Little Things, Big Things

Posted: June 10, 2014 in World On The Edge

file0001465861740What are the biggest things in our lives, those that seem most important to us?  Are they truthfully the most important?

On this Tuesday,  I’m posting the seventh story in Birds of a Feather, with question and multiple choice answers. Comment below the video.

When something BIG  goes wrong in your life, how do you try to fix it?
.You don’t try to fix it.
.You go after the person who caused the problem with a hammer in your hand.
.You remove that canvas and paint a different picture

 

LITTLE THINGS, BIG THINGS

Late at night after the children are in bed and she’s certain Aaron is sleeping, Amelia takes her flashlight and climbs the back stairs into the attic of the century-old house, to paint. She climbs the wooden steps carefully, barely putting any weight at all on the top step, the one that creaks. In the corner of the attic where the support beam to the rafters makes a perfect right angle with the floor, is a square table with small brass lamp. When she pulls the lamp switch, the table and everything on it– canvas, tubes of oil paint, dry brushes in a glass jar—all come to light in a nearly perfect sphere. She clicks off the flashlight then. A lot of light is neither necessary nor wanted.

Tonight she is working on a portrait of Aaron, an eight-by-ten canvas, as all of them are. Portraits of the children are finished, for now anyway; she will come back to them later when she finds a flaw, or when some new characteristic needs to be added. The children’s faces, four of them, hang from nails hammered into the pine walls like pictures in a beloved, private gallery. Below, stacked against the wall, are more canvases of each of the children from years past, babyhood onward. But this is the first time she’s painted Aaron. Aaron’s unfinished face sits on an easel, looking back at her through deep brown eyes. The eyes are still flat. No highlights yet. Amelia hasn’t determined whether the light in his eyes will come from the right, or the left.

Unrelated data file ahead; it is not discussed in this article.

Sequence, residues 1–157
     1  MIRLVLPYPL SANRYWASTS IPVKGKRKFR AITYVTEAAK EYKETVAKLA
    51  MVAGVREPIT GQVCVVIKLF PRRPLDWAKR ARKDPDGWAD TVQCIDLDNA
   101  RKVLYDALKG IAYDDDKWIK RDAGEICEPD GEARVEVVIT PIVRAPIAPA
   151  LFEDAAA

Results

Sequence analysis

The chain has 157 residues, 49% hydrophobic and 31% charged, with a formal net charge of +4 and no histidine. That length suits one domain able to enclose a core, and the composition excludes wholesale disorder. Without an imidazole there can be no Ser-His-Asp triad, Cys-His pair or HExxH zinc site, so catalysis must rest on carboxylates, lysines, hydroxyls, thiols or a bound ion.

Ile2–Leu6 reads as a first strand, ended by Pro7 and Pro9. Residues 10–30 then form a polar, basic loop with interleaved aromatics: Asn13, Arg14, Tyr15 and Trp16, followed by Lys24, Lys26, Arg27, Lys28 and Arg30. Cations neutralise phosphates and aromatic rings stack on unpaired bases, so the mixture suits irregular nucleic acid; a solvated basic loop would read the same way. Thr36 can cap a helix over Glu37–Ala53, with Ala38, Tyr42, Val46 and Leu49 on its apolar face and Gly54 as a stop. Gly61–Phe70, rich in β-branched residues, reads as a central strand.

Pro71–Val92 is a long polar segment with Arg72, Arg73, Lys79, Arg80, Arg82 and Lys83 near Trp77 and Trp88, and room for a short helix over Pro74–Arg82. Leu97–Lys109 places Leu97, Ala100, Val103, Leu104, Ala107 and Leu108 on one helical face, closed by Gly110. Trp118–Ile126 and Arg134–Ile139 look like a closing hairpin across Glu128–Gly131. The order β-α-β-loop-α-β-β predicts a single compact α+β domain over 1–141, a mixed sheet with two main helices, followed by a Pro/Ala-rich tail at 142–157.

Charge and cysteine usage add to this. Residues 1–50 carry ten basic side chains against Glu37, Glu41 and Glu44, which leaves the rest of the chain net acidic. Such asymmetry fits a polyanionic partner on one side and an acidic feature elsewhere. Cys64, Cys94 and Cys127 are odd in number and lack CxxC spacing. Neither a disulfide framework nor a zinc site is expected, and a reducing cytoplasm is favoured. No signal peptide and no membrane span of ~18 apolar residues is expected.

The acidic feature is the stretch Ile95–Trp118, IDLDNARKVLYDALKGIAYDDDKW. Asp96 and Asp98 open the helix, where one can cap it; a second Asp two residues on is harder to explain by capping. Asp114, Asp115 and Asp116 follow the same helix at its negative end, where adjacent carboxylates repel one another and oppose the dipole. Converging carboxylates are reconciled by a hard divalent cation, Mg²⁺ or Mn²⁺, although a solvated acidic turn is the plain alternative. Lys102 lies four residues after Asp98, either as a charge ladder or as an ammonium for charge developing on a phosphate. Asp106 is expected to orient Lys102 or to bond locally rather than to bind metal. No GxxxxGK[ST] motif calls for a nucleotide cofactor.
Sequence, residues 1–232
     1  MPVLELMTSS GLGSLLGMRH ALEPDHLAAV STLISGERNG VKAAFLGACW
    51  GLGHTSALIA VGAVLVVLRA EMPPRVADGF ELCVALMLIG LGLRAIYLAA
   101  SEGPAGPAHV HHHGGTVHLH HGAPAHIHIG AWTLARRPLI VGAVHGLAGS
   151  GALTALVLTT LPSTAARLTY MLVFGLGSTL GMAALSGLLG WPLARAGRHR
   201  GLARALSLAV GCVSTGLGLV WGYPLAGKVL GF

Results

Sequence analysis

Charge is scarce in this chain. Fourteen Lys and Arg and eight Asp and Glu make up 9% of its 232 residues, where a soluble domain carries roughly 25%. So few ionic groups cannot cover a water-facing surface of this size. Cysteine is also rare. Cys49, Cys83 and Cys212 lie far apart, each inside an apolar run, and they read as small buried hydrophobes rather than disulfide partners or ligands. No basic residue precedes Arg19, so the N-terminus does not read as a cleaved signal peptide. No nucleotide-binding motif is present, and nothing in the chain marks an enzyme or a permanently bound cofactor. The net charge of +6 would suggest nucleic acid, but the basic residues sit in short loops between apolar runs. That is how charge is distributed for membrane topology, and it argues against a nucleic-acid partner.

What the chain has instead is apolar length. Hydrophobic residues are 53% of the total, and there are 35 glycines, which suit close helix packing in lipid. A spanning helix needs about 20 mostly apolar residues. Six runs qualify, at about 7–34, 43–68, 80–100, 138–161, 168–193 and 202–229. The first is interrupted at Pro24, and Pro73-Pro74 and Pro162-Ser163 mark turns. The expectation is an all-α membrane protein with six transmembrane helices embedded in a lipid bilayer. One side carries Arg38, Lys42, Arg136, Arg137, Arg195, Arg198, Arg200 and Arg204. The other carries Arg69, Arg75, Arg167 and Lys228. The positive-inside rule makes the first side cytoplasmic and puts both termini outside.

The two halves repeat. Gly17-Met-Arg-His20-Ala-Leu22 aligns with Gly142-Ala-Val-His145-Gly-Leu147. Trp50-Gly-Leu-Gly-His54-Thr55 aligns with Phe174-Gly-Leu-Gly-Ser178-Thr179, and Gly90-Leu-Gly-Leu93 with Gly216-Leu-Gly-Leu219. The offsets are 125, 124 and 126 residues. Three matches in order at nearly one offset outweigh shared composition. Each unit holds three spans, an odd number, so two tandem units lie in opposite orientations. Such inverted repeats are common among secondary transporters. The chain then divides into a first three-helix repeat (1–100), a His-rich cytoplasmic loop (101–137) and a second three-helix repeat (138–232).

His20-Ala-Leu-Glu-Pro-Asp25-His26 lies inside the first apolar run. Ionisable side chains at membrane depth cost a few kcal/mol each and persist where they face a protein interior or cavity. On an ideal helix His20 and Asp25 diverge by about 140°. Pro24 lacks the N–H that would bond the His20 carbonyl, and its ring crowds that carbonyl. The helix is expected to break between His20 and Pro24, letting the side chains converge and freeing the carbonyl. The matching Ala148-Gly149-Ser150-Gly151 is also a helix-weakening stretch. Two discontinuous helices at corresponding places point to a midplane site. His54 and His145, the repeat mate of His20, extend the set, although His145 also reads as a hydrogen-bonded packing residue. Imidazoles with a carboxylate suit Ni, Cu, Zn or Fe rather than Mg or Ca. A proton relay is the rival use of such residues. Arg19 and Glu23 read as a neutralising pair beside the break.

She pours varnish into a small metal cup, and turpentine into the glass jar, then swishes the brushes around to be sure they are clean, wiping each of them with a stained cotton cloth, pouring out the old, dirtied turpentine, and refilling the jar with the new. On a glass plate, she squeezes out the oil paint, beginning with cadmium yellow light and titanium white. Highlights for Aaron’s eyes. The light will come from the right, she thinks, wondering why she hesitated last night when she began his portrait; the light in each of her portraits always comes from the right, from the only natural light possible in the attic–through one round window that looks like the porthole of a ship. Through that window, occasional moonbeams compete with the lamp, and if the beams are bright enough, as they sometimes are, Amelia turns off the lamp, and paints by moonlight.

Tonight there is no moon, so the lamp stays on. She paints for an hour or so, until Aaron’s face is just like she wants it, charged with an expression of love and faithfulness accented by the meticulous highlights in his eyes. Then she takes the canvas and hangs it on a waiting nail, beside the portrait of their last child, Aaron Junior.

 

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